some unknown source of billions of dollars donated all of the funding
capital to a private company that coincidentally happens to be owned by the
HDA manager, to build a freeway through Jacob Zuma's Nkandla hometown, with
no oversight of the spending, no recourse whatsoever to the cash, no return
on investment, while remaining completely anonymous, and then with the
intention to hand the entire road over to Public Works upon completion.  And
that is because this is ridiculous.  It reminds me of the SANIP arrangement
with SAAB and BAE, where Fana Hlongwane received the bribe payments for the
arms deal.

What has happened however is that government appears to have attempted to
pull the wool over the eyes of its citizens, in anticipation of a backlash
for R1.5bn funding of the Zuma Freeway, by hiding cash in anentity they
thought would be safe from public scrutiny.  As it turns out, this wasn't
quite as private as they expected.

The crucial oversight was using a private CC owned by the HDA manager and
forgetting to remove his personal address from the company information
records, which are public.

So government has a lot to answer for here and we the public should demand
answers.  Not only does this appear to be corrupt to its very core, but the
spending at Nkandla is outrageous too.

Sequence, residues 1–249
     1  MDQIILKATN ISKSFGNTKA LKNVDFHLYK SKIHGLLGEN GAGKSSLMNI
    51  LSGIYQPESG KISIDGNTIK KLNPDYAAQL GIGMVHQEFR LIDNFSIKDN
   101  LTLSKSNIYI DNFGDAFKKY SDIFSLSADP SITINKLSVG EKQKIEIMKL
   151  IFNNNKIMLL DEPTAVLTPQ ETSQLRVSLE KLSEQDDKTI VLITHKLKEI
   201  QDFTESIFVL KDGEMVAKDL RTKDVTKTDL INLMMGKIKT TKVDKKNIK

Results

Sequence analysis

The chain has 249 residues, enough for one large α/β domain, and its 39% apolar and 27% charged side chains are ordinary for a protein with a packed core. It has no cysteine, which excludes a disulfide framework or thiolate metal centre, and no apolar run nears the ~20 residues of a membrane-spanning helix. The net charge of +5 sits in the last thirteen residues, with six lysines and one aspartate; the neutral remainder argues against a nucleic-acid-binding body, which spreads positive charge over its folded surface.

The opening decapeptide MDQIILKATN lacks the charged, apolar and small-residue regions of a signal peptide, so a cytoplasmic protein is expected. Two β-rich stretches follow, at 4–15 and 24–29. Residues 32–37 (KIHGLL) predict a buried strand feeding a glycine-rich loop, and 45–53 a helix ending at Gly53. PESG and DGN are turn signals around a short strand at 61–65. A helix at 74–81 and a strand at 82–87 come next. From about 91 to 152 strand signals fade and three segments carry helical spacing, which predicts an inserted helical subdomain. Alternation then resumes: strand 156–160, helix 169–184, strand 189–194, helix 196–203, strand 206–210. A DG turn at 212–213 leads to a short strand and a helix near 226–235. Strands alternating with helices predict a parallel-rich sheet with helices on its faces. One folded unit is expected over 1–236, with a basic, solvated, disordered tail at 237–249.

See here for more details relating to how exorbitant the Nkandla spend is:


Public Works is currently involved in hundreds of projects around the
country, with their mandate being to spend on infrastructure and social
development.  With this in mind, their average allocation for each project
will be somewhere between 0.1% and 0.2% of budget (this is a very high
estimate in my opinion - they're probably spending less across more
projects).  Zuma's non-revenue-generating, unnecessary development that has
nothing to do with infrastructure nor social development equates to a 0.32%
allocation of the national public works budget.

This means that they've spent up to 224% more on Zuma's compound than on
their average spend on actual deliverable projects that meet their mandate.

If we include the freeway project, which I'm quite sure is just a dodgy
vehicle to protect Zuma from recourse, the figure jumps to 2172% more than
their average national infrastructure spend.  So instead of money going to
the Gauteng Freeway Improvement Project, to mitigate the impact on the
country, Public Works chose instead to over-spend on Zuma's home by up to
2000-odd percent.  What is clear is that Public Works consider Zuma's house
to be at least 224% more important than investment in infrastructure, which
is their actual mandate.

So if you want to do something about this and make your voice heard in
opposition to potential corruption, fraud, misuse of public funds and lies,
then send this out to media outlets, the public protector, your friends and
family etc.  It's high time this sort of presidentially-supported corruption
is put to bed, once and for all...





Thursday, August 28, 2014

Marikana Commission: Minister Shabangu can't act